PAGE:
I started my Squared Online – Google’s digital marketing course- journey in July 2014 and am very proud to say I graduated on Thursday!
If you are interested in the course, I have blogged throughout. One of the highlights of the course has been the people I have got to meet in my two project groups – really talented, clever people who were a pleasure to work with.
I have learnt a lot from the course but as it’s an online course, you do need to put in the time and effort. I’m particularly proud of my team’s Google Analytics report for the fourth project. Our group was cited as one of the best reports overall and my Conversion Report was chosen as ‘the best of’! For our last project we had to produce a Whitepaper and our group got the insurance sector. Once again ours was cited in the live graduation class as one of the best, so I’m immensely proud of my group and the hard work we put in.
Congratulations to all my fellow July cohort Squares and all the best to those still on the journey or those starting out. Give it your all!
I have just completed Module Two: Think Commercial of Google’s Squared Online course, where I learnt about the rise of digital and how some businesses are harnessing technology to disrupt traditional businesses (think Airbnb and how they are disrupting travel agents, hotels, classified ads etc). This module was definitely a step-up from the first module in terms of complexity and workload.
Students were put into groups and we had to complete our first group project – to produce an online business idea in the style of a presentation with an audio voice-over. Initially my group had seven people but by the first couple of emails two had dropped out of the course, leaving us with five. One member of our group was rather elusive and didn’t attend the first or second Google Hangout and, to be honest, we had doubts that they were going to contribute at all. Luckily they did make the third hangout and turned out to be a valuable member of the group.
We will only receive our grades for the project by 7 November so I can’t tell you how we did. I do believe we have a strong product and our pitch was really good so fingers crossed for a good mark!
Lessons learnt from working in a virtual group
- You need someone to step up as project manager to coordinate meetings (via Skype/Hangout or even in person if you are able to).
- Assign action points after each meeting and summarise what was discussed in a follow-up email.
- Use collaborative working tools such as Google Drive or even the group forum in the Squared Online campus so that people can work, edit and feedback on the go.
- Set deadlines for each stage of the process so that there is always a goal to work towards.
- Allow the team to feedback on the final presentation and give enough time to edit if needed before the project deadline.
- Be realistic – everyone in our team works full time and has responsibilities outside of their jobs so be realistic about what can be achieved in the time that you have.
- Quality over aesthetics – everyone wants to have a sleek, professional looking presentation but it’s more important that the business idea is actually viable so spend more time on fine tuning your idea rather than designing slides and graphics.
- Be polite and be a team player – it’s important that everyone contributes and pulls their weight. Sometimes group members may disagree on something, which is perfectly normal, but the key is to be polite and constructive – not destructive.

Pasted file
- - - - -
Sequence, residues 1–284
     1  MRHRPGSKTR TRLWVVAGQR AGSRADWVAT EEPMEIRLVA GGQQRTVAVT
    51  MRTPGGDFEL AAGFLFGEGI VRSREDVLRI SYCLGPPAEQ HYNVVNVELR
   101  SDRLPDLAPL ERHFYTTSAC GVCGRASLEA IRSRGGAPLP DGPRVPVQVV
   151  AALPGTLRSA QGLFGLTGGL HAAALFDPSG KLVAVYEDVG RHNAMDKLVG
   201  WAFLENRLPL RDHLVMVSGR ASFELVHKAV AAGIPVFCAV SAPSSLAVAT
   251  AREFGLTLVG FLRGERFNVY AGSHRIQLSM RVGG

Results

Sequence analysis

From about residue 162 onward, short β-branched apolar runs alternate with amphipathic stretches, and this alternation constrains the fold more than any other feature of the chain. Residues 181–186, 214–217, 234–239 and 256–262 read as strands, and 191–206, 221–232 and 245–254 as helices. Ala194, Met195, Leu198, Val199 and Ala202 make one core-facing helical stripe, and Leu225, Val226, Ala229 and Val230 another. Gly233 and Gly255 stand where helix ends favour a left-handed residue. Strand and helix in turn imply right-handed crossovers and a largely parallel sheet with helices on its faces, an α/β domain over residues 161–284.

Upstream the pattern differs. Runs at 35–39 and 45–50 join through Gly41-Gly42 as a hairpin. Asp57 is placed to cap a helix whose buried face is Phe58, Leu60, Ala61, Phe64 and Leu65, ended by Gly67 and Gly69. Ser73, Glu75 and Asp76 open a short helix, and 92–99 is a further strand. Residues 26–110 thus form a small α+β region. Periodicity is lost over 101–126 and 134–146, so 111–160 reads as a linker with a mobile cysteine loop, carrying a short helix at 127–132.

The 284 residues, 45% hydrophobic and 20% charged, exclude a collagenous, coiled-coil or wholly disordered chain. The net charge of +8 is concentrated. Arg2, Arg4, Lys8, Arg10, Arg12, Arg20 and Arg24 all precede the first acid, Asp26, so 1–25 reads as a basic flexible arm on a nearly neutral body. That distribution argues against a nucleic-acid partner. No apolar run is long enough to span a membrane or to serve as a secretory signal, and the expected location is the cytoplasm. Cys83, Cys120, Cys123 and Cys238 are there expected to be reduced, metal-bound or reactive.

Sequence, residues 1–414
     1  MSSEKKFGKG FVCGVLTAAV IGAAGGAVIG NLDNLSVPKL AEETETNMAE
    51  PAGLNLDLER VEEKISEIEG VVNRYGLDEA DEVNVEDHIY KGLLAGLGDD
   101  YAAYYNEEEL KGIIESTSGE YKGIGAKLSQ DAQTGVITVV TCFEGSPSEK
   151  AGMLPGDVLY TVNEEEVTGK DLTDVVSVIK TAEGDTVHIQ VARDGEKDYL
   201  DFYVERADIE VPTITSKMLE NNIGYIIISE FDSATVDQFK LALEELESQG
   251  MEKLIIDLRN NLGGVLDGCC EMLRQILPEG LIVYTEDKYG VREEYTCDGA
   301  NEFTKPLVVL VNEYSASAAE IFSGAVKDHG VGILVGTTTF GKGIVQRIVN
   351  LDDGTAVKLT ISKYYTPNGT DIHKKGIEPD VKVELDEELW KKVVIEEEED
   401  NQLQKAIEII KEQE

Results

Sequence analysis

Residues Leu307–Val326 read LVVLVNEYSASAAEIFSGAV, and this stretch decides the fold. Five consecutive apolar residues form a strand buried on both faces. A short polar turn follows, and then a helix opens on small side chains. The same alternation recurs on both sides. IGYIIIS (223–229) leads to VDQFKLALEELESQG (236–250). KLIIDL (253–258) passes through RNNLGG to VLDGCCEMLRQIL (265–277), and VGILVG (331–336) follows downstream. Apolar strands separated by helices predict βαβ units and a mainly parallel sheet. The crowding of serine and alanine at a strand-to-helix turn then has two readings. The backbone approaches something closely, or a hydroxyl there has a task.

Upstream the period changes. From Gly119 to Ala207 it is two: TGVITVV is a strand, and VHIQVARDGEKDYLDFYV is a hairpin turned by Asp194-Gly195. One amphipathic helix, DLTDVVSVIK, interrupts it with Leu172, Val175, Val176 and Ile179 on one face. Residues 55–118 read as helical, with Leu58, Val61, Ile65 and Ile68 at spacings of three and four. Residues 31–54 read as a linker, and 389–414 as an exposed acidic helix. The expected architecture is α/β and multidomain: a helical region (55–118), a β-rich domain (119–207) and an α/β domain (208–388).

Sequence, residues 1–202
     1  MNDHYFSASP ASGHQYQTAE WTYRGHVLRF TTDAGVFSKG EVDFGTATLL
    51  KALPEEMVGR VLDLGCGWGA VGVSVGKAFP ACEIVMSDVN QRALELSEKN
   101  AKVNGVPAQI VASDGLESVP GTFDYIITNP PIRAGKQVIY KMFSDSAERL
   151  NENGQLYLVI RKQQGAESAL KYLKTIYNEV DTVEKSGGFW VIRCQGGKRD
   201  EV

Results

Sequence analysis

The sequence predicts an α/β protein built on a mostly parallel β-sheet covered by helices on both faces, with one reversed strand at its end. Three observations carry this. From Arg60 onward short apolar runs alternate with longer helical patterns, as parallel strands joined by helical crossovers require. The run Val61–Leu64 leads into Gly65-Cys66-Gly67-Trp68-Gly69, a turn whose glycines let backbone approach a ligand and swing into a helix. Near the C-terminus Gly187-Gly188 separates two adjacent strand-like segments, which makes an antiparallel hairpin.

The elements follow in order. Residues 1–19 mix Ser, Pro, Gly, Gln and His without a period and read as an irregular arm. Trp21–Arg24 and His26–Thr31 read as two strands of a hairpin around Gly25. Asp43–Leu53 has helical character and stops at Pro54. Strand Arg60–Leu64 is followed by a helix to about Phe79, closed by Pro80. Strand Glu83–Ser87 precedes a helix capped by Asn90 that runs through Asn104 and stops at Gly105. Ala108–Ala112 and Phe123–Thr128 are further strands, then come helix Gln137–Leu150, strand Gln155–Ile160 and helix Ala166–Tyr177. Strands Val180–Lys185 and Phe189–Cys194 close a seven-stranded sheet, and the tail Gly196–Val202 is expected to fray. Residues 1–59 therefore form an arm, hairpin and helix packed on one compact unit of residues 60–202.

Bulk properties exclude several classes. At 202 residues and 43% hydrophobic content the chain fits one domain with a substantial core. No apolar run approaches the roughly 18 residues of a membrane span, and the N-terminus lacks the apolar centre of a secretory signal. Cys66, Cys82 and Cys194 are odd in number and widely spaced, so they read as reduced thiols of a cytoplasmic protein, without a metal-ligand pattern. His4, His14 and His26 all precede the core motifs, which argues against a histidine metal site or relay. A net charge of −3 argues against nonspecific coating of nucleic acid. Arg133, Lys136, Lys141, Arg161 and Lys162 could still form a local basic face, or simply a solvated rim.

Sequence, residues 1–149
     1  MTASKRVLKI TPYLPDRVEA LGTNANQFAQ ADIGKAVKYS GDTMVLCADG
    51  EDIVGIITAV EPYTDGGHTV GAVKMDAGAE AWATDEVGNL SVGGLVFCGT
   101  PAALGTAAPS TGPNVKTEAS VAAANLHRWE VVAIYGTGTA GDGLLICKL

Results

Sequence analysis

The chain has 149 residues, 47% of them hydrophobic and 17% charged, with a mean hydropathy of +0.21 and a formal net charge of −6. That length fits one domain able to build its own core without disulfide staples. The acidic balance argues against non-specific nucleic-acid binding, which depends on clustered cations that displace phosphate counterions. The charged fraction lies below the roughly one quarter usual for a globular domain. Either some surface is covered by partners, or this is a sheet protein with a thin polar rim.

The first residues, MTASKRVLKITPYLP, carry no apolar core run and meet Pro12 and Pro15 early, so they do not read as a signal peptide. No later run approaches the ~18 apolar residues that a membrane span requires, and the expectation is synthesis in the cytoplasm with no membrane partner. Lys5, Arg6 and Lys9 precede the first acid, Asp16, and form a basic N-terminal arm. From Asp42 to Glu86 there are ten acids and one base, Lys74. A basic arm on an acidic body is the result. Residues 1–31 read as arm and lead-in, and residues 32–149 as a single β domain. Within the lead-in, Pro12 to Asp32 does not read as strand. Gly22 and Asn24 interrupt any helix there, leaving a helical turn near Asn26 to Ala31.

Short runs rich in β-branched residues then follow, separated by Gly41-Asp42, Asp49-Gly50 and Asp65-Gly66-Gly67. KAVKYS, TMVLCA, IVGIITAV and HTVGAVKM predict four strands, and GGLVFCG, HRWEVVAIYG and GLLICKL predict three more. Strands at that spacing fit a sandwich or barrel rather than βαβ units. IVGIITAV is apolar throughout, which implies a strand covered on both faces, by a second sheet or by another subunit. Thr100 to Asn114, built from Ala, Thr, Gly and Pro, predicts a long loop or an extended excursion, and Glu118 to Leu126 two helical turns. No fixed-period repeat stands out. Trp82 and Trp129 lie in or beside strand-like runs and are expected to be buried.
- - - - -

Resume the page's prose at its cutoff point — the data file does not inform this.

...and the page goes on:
This may be an online course but it’s designed to reflect real life, hence why we are put into groups with people who live in different countries. It forces you to find ways of working together and to overcome challenges such as time differences, strong personalities, different cultures and juggling other work and life commitments with meeting a project deadline. Luckily I have a great project group and I’m already looking forward to working with them on the next project
I promised to post about my Squared Online journey so here are my thoughts now that module one is complete.
The first module is all about A connected world and it forced us to think about our own digital life. If I’m honest, I found this module rather basic but I understand that the course is made up of around 300 – 400 people all with varying levels of experience and we need to start somewhere. From module two, where we are put into groups to work on our projects, it steps up in terms of level of difficulty.
At the end of module one we had to complete a project, which was to create a video to introduce ourselves to our fellow ‘Squares’. Having no prior experience of creating a video, I was considering just doing a basic webcam video. However, the whole point of me taking part in this course was to learn, so learn I did. I used Window’s Movie Maker to create my video and although the recommended time to finish the project was 2 hours, this probably took me about 6. Yes, seriously…
It’s not a great video, I admit. But I did it all by myself with no help at all and I’m really rather proud of it. If it were a picture, I would have stuck it to my fridge with a magnet.
Module two will look at how to think commercially and the project looks challenging. Bring it on!
Last night was my first Squared Online course. Squared Online is Google’s Digital Marketing course and I will be embarking on this virtual learning journey over the next six months.
These are my thoughts so far:
1. The classes are all conducted online, every Thursday night from 7 – 8pm. This is a challenge for me as I much prefer face-to-face. I found (when it was enabled), the reams of messages from fellow Squares rather distracting. Looking at them too much made me feel slightly sea sick. On the plus side, I was in my pajamas and sipping a cider – not something you can do in a face-to-face class…(at least I don’t think you can).